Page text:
What Does No Onward Chain Mean?

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What Does No Onward Chain Mean?
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Slow house sale transactions make life difficult for buyers and sellers.

They can result in broken property chains, which make things even worse.

So, avoiding this outcome is crucial

This is where the term ‘no onward chain’ comes in.

Read on to learn about what this means, its causes, and how to manage it.

What does ‘no onward chain’ mean?

No onward chain refers to when a property seller is not reliant on funds from their sale to purchase a new house. 

This situation comes about because the seller already has somewhere else to live without first needing the funds from selling their property.

No onward chain scenarios enable sellers to avoid all the difficulties with property chains.

As a result, transactions can be completed relatively fast.

Is there a difference between ‘no onward chain’ and a ‘chain-free buyer’?

Yes, there is a difference between the terms ‘no onward chain’ and ‘chain free buyer’. 

The former refers to a seller who is independent of any other transaction for their sale. 

Meanwhile, the latter is someone on the other end of the transaction (i.e. a buyer) who already has the funds to purchase a property (for example, first-time buyers).

What causes a seller to have no onward chain?

A seller may have no onward chain for a variety of reasons.

Inherited property through probate

If a property has been inherited via probate (and is then being sold), then the seller is unlikely to have an onward chain

After all, they likely already had a home before the property was inherited, so they do not live in the house being sold.

Tenanted property is currently without tenants

There may be no onward chain if the property was previously rented to tenants who have since moved out.

The landlord will likely live somewhere else, meaning the house being sold is currently empty. So, they are not reliant on the sale to purchase another property.

Purchase of seller’s new house already completed

The seller may also have no onward chain because they have already completed the purchase of the house they are moving into.

Not being sold by traditional estate agents

Property companies typically have a number of differences from traditional estate agents

One of these is that they typically have enough cashflow not to need an immediate sale.

If you enter the phrase ‘No Onward Chain‘ into this search bar, all the houses that meet this criterion will appear at the top of your search.

And when houses are sold at auction, the seller is unlikely to be living there themselves.

Do properties with no onward chain sell for more?

In many cases, a house with no onward chain will be valued slightly higher than other equivalent properties that involve a chain.

This is because it makes the buying process easier and faster. Many people are willing to pay more for this.

There is almost always a relatively short supply of houses with no onward chain, which increases competition and subsequently pushes up prices.

How to find properties that have no onward chain

Searching specifically for a property with no onward chain may severely limit your options.

That said, there are some ways to locate these types of houses.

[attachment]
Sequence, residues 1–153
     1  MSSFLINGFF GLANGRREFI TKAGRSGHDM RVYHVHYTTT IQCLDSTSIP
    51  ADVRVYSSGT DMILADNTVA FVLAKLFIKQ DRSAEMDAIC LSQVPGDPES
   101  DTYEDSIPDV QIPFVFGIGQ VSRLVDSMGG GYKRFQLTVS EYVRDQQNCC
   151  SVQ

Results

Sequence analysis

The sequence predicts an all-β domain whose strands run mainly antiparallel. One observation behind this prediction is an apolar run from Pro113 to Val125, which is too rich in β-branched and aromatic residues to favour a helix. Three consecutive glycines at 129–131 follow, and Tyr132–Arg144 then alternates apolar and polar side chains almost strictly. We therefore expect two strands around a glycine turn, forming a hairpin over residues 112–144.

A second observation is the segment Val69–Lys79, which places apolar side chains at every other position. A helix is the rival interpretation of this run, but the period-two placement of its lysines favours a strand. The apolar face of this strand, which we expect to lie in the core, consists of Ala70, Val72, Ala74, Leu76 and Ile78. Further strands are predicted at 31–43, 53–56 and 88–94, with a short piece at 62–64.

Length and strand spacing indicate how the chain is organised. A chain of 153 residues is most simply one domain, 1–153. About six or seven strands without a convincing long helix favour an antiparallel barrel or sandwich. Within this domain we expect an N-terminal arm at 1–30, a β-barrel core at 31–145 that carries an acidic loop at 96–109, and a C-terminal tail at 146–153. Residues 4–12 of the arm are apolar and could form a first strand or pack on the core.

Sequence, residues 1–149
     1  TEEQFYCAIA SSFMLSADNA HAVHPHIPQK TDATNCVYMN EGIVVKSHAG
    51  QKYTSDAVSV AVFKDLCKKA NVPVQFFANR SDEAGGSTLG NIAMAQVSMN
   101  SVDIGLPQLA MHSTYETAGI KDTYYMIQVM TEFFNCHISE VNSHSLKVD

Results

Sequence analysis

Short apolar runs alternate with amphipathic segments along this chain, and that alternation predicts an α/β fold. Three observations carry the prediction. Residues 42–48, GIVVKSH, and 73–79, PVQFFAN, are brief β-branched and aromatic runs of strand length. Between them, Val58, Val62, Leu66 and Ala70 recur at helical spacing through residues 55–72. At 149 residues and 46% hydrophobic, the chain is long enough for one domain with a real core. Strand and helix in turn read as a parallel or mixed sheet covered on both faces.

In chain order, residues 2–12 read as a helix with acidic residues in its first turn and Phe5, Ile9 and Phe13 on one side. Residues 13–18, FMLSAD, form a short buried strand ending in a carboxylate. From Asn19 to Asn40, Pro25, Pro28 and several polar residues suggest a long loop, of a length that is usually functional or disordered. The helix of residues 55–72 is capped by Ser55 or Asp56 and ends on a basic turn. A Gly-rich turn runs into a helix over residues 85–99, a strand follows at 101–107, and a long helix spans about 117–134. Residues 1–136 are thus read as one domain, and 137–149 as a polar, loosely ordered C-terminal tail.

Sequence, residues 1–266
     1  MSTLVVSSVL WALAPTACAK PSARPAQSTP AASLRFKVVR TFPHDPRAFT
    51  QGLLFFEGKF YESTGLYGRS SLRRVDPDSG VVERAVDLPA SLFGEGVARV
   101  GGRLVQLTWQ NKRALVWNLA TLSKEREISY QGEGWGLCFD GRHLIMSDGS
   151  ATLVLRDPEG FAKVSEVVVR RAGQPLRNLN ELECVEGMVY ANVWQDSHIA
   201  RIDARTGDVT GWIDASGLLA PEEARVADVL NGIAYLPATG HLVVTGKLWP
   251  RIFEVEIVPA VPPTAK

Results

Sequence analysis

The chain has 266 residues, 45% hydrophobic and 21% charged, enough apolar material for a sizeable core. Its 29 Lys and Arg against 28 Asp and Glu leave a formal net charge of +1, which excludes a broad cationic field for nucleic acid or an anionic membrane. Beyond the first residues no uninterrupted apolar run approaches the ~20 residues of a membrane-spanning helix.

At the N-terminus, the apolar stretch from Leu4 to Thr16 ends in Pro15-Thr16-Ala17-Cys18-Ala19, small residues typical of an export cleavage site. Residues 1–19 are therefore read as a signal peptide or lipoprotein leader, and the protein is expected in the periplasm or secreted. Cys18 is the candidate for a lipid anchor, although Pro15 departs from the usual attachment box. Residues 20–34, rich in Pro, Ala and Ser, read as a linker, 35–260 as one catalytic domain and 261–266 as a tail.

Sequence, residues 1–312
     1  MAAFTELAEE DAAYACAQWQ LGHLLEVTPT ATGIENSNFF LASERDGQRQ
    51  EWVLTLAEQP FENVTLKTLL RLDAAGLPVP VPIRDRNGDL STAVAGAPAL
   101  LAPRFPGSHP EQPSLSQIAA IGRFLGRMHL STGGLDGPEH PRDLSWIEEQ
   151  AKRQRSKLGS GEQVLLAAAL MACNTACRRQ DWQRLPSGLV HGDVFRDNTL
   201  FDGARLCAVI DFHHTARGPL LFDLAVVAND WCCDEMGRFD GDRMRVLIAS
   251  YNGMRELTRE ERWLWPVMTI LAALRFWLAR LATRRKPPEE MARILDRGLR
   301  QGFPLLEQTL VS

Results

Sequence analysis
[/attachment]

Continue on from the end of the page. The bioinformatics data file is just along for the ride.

Use search category filters

When searching for properties on Rightmove and Zoopla, they have a tool that enables you to ‘Prioritise properties with…’ any specific criteria. 

Make a request to estate agents

You can ask estate agents which properties they are selling with no onward chain. Many should be able to provide options for this.

Work with cash house buyers or auctioneers

Cash house-buying companies that sell a house are less likely to have an onward chain because they offload the property to make a profit.

And houses listed for sale at auctioneers will also be less likely to have an onward chain.

Potential reasons for no onward chain sales falling through

Although relatively unlikely, some ‘no onward chain’ house sales do fall through. There are several reasons this can happen.

1. Gazumping

Gazumping is when a seller accepts a higher offer from someone else

While this can be frustrating, it is legal if the ‘Exchange of Contracts’ has yet to occur.

2. Gazundering

The opposite of gazumping is ‘Gazundering,’ which occurs when the buyer reduces their offer just before the exchange of contracts. 

It causes the seller to refuse the offer and return the house to the open market.

It is essential to be well-informed about the legalities of pulling out of a house sale, both when buying and selling.

3. Potential buyer cannot secure a mortgage

When the person who made an offer cannot secure a mortgage for the required amount, the seller might decide to find a new buyer.

4. Slow conveyancers

A sale can fall through because one of the parties becomes frustrated with the deal taking too long. This may happen if there are conveyancer delays or sellers stall.

5. Survey reveals issues

As with all property transactions, the sale may also fall through because the survey reveals problems with the house that were not previously known. 

A buyer may walk away if these issues are major (for example, structural defects or pest infestations).

We Buy Any Home’s cash buying services

If your house sale has fallen throughWe Buy Any Home can help. 

We are chain-free cash house buyers who have purchased thousands of properties up-front and quickly, without hassle or stress for sellers.

Fill in our enquiry form below if you want a cash offer for your house.

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